The first Biblical reading prescribed for today’s Eucharistic Liturgy is Kings 13:14-21. Here we see the prophet Elisha on his death bed and king Joash of Israel going to him weeping. The prophet foretells him about his three victories over the Arameans. A popular story about the prophet’s sanctity is also recorded here: Some people who were about to bury a dead man saw a band of brigands coming and fearing them they threw the corpse into the grave of Elisha. The touch of the dead body on the bones of the prophet made the dead man stand on his feet alive.

 

The second reading is Acts 12:25-13:12. Here an incident in the missionary journey of Saul (who began to be called Paul) and Barnaba is narrated. The Roman Proconsul of Cyprus, Sergius Paulus, wanted the hear the Word of God from them. But a certain magician named Bar-Jesus (also known as Elymas) opposed them. Thereupon Paul filled with the Holy Spirit said that the hand of the Lord was against Elymas and therefore he would be struck blind for a while. Seeing that it happened immediately, the Proconsul embraced Christian faith.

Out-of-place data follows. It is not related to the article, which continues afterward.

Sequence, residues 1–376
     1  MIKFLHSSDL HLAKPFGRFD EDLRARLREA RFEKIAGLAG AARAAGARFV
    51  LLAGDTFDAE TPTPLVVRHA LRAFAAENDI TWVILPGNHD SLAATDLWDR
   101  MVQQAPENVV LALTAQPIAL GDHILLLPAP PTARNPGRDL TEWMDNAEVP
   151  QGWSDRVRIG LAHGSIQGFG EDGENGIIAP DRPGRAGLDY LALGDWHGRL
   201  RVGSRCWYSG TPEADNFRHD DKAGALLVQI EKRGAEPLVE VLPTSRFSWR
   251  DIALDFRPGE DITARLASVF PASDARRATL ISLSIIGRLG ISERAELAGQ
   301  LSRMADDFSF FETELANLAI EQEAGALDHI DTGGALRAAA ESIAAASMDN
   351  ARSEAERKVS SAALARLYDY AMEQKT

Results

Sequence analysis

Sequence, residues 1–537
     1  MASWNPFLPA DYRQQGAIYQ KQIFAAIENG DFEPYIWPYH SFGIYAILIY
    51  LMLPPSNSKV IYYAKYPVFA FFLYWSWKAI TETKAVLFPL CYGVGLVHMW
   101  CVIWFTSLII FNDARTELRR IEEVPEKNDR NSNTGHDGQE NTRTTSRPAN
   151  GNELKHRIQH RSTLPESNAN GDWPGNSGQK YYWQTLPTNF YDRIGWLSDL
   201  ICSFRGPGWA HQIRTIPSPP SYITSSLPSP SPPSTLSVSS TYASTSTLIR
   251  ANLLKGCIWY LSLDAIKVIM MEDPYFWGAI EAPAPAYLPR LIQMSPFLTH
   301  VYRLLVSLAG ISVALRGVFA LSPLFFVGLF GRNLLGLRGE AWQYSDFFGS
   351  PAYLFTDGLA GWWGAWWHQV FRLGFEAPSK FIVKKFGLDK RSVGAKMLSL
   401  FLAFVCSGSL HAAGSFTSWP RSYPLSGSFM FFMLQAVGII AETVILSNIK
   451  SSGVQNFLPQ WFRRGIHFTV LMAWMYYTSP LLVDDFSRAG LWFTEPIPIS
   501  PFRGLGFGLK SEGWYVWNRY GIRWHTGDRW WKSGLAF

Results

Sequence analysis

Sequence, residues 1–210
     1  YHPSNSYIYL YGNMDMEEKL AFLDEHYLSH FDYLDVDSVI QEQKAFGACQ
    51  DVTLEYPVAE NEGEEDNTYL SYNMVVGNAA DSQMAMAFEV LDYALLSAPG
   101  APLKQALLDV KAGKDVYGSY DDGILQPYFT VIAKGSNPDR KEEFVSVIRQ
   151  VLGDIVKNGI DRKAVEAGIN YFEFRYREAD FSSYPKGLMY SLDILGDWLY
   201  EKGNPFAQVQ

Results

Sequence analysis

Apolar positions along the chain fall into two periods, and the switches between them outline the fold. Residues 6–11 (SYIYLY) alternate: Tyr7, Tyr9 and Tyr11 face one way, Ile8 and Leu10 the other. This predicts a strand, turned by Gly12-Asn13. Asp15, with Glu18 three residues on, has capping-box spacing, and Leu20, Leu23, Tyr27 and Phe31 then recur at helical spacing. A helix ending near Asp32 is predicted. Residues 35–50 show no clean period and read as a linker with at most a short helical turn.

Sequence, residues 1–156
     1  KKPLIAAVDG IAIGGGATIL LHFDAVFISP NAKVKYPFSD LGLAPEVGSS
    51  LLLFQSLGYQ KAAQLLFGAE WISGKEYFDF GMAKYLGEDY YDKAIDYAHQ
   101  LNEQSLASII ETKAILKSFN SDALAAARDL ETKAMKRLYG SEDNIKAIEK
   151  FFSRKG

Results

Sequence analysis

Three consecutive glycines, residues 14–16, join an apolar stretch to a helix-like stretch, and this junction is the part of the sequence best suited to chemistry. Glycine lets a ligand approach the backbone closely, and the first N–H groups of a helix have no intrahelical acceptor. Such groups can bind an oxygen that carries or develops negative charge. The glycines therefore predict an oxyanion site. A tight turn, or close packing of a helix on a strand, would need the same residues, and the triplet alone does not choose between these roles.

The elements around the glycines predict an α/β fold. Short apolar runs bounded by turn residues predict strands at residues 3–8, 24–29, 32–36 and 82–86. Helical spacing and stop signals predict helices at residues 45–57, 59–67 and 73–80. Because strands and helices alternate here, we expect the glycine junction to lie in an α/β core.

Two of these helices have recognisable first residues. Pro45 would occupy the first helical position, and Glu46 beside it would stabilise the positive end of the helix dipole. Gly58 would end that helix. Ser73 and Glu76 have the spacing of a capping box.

The third reading for today is Heb. 13:1-9, 16-21.The author is encouraging Christians to practice the virtues such as hospitality, feeling one with those who are imprisoned and persecuted, keeping marriage fidelity, avoiding avarice, praying for the leaders, keeping the Christian Faith intact, sharing goods with others, being obedient to the spiritual leaders and praying for each other.

 

Today’s Gospel passage is Mt. 16:24-17:9. At first we see Jesus speaking about the importance of self-denial and a life of sacrifice which are equivalent to the bearing of one’s own cross after Christ. Such people will be rewarded at the second coming of Christ. Next we see the scene of the transfiguration of Jesus.  The sight of the glorious form of Jesus impelled Peter to cry out and suggest the building of permanent shelters on the mount of transfiguration to behold always the transfigured form of Jesus.

 

Christian Faith promises us that we will behold forever the glorious Christ when we are in heaven. The Syriac Fathers of the Church were deep-rooted in this faith.

 

 

Credits: Father Thomas Kalayil, CMI <thomas 'dot' kalayil 'at' cmi 'dot' in>